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Unless you’ve received a phone call from a debt collector, you probably don’t know much about the debt collection process. 

People get behind on payments and in debt for a variety of reasons, some unpreventable (a lost job or unexpected medical expenses) and some not (bad spending habits). No matter why you’re in debt, you should know what to do if a collector contacts you.

You borrow money from a “creditor” and if you miss several payments, the creditor will change your account status to “charged off.” This does not mean your debt has been wiped away — it simply means the creditor doesn’t think it will ever get repaid. Usually, the creditor will sell your debt to a collector.

Once the collector buys the debt, it will start attempts to contact you. Within the first five days of contacting you, the collector is legally required to send you a written notice that says how much money you owe, who you owe it to and what to do if you don’t think you owe the debt.

So, what do you do when a debt collector starts calling? You can ignore their calls or you can get more information by asking these questions: 

• Who are you trying to reach?

• What is your name and who do you represent?

• What is my address?

• What are the last four digits of my Social Security number?

• How was the debt calculated?

• How will this be reported?

• Can you send me the documents in the mail? 

Don’t give the collector any information he or she doesn’t already know. Debt collectors can call you between 8 a.m. and 9 p.m. by phone. They may also send you letters, emails or text messages. 

Debt collectors can call your work, family or friends to try to find you; however, they are not allowed to discuss your debt with anyone other than you or your spouse. It’s against the law for them to act like someone else, use obscene language, or lie to or threaten you.

Your best option is to write a letter to the debt collector. You have the right to ask for proof of what you owe, to say you don’t owe the money and to tell them to stop contacting you. After you send this letter, the only reason the collector can contact you again is to say they are taking you to court, to say they will no longer try to get you to pay or that they will use another legal remedy to collect (e.g., they will repossess a secured car).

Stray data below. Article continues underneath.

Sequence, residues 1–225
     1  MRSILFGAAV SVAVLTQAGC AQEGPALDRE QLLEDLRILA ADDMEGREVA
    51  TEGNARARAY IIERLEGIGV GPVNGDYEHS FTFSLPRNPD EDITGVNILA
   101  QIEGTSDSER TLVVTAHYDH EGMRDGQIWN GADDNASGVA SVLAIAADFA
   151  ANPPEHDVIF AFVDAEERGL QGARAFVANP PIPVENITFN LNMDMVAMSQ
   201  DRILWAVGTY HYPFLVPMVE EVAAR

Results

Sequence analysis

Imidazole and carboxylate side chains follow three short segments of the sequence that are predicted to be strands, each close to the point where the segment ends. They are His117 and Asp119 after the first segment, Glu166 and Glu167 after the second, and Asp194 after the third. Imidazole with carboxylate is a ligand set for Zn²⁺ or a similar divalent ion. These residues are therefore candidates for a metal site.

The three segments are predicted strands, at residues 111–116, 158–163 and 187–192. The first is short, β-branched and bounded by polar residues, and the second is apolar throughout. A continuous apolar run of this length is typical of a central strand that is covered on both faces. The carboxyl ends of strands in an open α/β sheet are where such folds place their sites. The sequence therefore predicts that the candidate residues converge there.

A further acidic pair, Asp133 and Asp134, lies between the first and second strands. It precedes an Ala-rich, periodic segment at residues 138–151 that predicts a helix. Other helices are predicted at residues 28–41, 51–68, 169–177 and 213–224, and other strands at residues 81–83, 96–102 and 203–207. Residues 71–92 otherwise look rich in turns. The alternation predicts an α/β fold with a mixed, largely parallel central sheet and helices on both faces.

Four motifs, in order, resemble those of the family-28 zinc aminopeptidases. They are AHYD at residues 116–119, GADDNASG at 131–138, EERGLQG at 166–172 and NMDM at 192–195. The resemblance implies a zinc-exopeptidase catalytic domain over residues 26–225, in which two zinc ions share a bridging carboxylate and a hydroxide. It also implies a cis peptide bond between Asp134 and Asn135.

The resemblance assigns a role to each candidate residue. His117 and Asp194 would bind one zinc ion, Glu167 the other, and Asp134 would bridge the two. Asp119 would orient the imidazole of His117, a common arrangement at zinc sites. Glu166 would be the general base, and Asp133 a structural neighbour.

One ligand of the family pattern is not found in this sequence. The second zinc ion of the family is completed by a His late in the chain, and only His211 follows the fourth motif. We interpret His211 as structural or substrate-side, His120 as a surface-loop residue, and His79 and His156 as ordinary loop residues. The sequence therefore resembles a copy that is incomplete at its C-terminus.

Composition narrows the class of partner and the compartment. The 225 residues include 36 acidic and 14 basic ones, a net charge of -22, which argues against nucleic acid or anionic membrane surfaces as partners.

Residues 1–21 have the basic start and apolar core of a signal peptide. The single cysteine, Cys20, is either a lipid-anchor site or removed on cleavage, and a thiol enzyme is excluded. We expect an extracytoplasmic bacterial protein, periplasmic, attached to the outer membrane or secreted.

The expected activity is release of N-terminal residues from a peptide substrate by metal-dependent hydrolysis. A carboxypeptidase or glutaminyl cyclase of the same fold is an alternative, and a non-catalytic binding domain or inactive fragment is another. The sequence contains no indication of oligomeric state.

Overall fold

A collector may suggest that you pay back a small amount of the debt, even a few dollars, as a goodwill gesture. But a small payment can lead to big problems. Here’s why: The statute of limitations on collection of a debt is usually six years (sometimes four), but each time you make a payment, that period restarts. So, by making even a small payment on the debt, you extend the six-year timeline when debt collectors can sue you.

If the debt collector takes you to court, you still can defend yourself. You should file a “sworn denial” and go to your court date. By doing this, you’re telling the collector he has to prove he has the legal right to collect the debt and that the statute of limitations hasn’t passed. If the company can’t prove you owe it or it waited too long to file the lawsuit, a judge may dismiss the collector’s case.

If you don’t go to court, the debt collector will win automatically. The collector can then take legal steps to collect the debt — usually by putting a lien on your house, taking your personal property or garnishing your wages.

If you’ve lost a debt collection case, file a claim of exemption, which can protect up to $10,000 worth of your personal property, including money in your bank accounts. If you’re working, collectors can try to garnish your paycheck. To stop garnishment, you must pay the full amount you owe, make a written agreement with the collector who sued you or file a slow-pay motion with the court. 

Finally, some money, like Social Security, is protected by law. As long as the only money you get is Social Security, the collector can’t take it.

Don’t wait until you’re facing a lawsuit to take action about your debt. Know that you have options.

Zac Oswald is the managing attorney of Legal Aid Society’s Gallatin office, practicing Housing and Consumer Law, and the team lead of the firm’s Housing Practice Group. Contact him at 800-238-1443.

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